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OK, we LOVE these: The coal dusted faces of the female railroad workers during WWII

Neil Patrick

American women in World War II became involved in many tasks they rarely had before; as the war involved global conflict on an unprecedented scale, the absolute urgency of mobilizing the entire population made the expansion of the role of women inevitable.

The hard skilled labor of women was symbolized in the United States by the concept of Rosie the Riveter, a woman factory laborer performing what was previously considered man’s work.

All Photos Library of Congress

Cloe Weaver, mother of four, a roundhouse helper training to operate the turntable.

Cloe Weaver, mother of four, a roundhouse helper training to operate the turntable.

 

Mrs. Dorothy Lucke, a roundhouse wiper.

Mrs. Dorothy Lucke, a roundhouse wiper.

With this expanded horizon of opportunity and confidence, and with the extended skill base that many women could now give to paid and voluntary employment, American women’s roles in World War II were even more extensive than in the First World War.

Women worked in the war industries, building ships, aircraft, vehicles, and weaponry. Women also worked in factories, munitions plants and farms, and drove trucks, provided logistic support for soldiers, and entered professional areas of work that were previously the preserve of men. Women also enlisted as nurses serving on the front lines, and there was a great increase in the number of women serving for the military itself.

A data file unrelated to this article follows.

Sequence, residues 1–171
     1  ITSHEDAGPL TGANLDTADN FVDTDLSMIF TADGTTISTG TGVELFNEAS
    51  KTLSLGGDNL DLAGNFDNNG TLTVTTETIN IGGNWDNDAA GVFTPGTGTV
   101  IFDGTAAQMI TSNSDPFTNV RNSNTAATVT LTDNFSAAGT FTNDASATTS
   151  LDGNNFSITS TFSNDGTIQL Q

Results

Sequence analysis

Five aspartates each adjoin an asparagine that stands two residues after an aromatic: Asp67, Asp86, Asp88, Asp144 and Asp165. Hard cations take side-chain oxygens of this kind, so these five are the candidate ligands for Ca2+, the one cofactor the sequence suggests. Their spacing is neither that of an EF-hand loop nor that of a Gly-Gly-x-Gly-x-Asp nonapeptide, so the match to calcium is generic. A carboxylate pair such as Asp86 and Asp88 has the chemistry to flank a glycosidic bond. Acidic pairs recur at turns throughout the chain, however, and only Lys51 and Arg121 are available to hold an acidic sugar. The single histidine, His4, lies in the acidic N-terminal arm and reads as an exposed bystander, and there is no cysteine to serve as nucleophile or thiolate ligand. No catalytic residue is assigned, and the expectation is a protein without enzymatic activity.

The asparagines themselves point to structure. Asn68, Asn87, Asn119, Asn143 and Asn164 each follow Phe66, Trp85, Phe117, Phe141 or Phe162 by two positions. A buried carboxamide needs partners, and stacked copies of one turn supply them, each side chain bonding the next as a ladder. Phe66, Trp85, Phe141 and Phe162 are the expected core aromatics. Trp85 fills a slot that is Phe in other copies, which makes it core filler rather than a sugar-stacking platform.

Mrs. Elibia Siematter on her lunch break.

Mrs. Elibia Siematter on her lunch break.

 

Mrs. Elibia Siematter, a sweeper at the roundhouse.

Mrs. Elibia Siematter, a sweeper at the roundhouse.

 

Mrs. Irene Bracker, mother of two, a wiper at the roundhouse.

Mrs. Irene Bracker, mother of two, a wiper at the roundhouse.

 

Mrs. Marcella Hart and Mrs. Viola Sievers clean an H-class locomotive.

Mrs. Marcella Hart and Mrs. Viola Sievers clean an H-class locomotive.

 

Mrs. Marcella Hart, mother of three, a wiper at the roundhouse.

Mrs. Marcella Hart, mother of three, a wiper at the roundhouse.

 

Mrs. Thelma Cuvage sifts and cleans sand for use in locomotives.

Mrs. Thelma Cuvage sifts and cleans sand for use in locomotives.

 

Mrs. Viola Sievers sprays an H-class locomotive with steam.

 

Roundhouse workers on their lunch break.

Roundhouse workers on their lunch break.

 

Wipers clean an H-class locomotive.

Wipers clean an H-class locomotive.

During World War II, approximately 400,000 U.S. women served with the armed forces and more than 460 — some sources say the figure is closer to 543 — lost their lives as a result of the war, including 16 from enemy fire. However, the U.S. decided not to use women in combat because public opinion would not tolerate it. Women became officially recognized as a permanent part of the U.S. armed forces after the war, with the passing of the Women’s Armed Services Integration Act of 1948.